The password problem

Odds are good if you’ve reached this blog, you have an account on at least one website somewhere on the wild wild web. This account could be on a web application ranging from something as critical as a finical institution or your primary email account to something as trivial as your account on some random blog. I’ve got far too many to even be able to number, falling everywhere in between those two lines, and have created my fair share of passwords. Normally, this is the point where the blogger starts ranting about “longer passwords” or “use a passPHRASE” or “use special characters.” This time however, I’m pointing the finger at the application designers.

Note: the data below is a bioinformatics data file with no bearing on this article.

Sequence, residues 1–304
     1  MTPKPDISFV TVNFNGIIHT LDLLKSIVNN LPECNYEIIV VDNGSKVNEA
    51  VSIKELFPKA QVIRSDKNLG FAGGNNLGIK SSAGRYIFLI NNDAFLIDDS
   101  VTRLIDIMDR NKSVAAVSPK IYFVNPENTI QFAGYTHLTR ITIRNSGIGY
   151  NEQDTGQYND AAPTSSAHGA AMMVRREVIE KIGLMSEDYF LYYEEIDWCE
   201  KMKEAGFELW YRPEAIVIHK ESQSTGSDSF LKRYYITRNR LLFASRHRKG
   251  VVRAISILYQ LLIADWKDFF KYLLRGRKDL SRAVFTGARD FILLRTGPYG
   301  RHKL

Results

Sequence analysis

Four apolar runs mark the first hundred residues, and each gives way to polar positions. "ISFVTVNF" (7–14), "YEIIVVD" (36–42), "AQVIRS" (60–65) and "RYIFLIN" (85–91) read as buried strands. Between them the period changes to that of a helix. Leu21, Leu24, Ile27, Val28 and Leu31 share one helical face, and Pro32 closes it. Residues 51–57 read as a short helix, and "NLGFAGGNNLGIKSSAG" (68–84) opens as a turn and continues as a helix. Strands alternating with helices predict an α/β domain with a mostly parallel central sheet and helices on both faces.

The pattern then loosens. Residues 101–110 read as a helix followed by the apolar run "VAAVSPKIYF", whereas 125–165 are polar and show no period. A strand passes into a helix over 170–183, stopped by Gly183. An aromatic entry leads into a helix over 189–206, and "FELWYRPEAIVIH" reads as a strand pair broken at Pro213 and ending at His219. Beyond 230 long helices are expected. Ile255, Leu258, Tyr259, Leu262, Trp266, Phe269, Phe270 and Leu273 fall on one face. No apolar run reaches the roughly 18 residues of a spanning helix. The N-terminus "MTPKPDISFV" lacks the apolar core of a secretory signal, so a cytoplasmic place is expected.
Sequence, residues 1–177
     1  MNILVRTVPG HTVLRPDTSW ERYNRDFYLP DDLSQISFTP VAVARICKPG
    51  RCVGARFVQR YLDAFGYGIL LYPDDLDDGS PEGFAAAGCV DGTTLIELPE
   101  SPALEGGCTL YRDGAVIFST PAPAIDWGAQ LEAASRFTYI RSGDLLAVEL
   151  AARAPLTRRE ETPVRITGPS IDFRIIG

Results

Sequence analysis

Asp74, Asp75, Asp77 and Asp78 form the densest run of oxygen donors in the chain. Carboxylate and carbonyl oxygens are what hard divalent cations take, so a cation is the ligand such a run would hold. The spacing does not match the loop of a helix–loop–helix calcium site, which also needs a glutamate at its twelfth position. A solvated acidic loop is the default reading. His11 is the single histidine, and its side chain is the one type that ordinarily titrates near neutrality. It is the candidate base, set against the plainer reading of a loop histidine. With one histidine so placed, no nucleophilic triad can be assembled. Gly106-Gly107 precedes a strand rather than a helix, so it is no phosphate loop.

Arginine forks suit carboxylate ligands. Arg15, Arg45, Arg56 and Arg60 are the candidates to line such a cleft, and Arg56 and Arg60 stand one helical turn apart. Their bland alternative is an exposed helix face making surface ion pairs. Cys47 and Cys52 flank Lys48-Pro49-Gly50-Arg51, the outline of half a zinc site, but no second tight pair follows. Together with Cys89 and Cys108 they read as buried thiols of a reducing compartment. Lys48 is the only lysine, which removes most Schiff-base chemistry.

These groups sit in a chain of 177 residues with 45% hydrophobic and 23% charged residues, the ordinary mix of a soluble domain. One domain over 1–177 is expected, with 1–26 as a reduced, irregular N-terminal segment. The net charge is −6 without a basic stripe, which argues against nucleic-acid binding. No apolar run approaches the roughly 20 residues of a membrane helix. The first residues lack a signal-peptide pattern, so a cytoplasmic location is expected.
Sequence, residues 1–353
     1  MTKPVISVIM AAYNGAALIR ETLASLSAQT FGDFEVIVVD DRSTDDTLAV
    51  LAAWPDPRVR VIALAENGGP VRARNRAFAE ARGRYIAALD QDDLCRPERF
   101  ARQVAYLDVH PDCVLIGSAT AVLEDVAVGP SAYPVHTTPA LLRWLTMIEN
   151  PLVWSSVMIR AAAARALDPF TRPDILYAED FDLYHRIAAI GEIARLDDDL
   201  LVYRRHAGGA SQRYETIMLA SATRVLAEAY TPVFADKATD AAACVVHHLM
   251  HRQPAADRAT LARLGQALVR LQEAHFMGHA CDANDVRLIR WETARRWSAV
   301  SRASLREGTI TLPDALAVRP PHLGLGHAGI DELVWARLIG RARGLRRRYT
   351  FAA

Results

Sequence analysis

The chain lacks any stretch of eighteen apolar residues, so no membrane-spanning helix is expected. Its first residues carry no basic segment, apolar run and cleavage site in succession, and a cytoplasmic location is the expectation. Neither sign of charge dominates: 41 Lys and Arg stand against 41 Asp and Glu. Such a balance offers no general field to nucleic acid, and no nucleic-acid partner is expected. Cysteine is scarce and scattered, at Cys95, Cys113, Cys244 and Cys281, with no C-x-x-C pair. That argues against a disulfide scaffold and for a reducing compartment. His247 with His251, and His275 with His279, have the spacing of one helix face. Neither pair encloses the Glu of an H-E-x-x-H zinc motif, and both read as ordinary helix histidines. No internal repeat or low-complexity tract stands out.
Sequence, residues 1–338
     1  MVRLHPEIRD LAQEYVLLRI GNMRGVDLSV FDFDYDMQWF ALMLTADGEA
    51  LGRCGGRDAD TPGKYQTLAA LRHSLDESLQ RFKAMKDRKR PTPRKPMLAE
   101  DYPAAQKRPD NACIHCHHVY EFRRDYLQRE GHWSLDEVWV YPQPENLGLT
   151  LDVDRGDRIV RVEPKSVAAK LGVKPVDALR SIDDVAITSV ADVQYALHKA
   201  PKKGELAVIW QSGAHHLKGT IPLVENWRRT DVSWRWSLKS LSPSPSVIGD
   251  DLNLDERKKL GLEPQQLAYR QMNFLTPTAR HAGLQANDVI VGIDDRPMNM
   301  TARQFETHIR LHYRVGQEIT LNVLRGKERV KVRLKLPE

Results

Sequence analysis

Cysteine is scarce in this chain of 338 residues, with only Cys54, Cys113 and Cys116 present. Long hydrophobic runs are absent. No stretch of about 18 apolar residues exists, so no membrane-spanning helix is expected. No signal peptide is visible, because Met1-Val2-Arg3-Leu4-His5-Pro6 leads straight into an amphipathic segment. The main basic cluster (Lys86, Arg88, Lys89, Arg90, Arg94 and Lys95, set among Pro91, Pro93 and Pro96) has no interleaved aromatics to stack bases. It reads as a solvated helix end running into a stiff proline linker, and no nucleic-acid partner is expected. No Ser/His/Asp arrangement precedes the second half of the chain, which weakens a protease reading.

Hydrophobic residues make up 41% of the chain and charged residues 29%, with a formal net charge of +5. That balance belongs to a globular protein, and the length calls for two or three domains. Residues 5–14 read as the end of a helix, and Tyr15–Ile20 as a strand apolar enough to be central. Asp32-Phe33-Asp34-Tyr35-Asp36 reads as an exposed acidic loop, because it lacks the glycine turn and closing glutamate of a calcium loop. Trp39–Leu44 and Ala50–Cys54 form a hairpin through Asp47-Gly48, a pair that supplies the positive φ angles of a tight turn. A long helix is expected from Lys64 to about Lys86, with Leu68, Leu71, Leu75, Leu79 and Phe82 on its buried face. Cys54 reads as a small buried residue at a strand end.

Originally, this post was going to be little more than my frustration with not being able to use passwords that I desired, due to restrictive requirements on applications. After gathering some data, to have a soap box to stand on, I realized that some of these “requirements” actually go beyond the surface level annoyance and actually affect the security of your account directly. Some of these applications go as far as to actually prevent you from using a secure password or reveal other weaknesses in the application’s design. I’m sure this isn’t a new find by any means, but some of the “requirements” I’ve seen are pretty outrageous. The most startling bit is a good majority of the examples I’ll be using in this post have come from accounts falling into that “critical” category.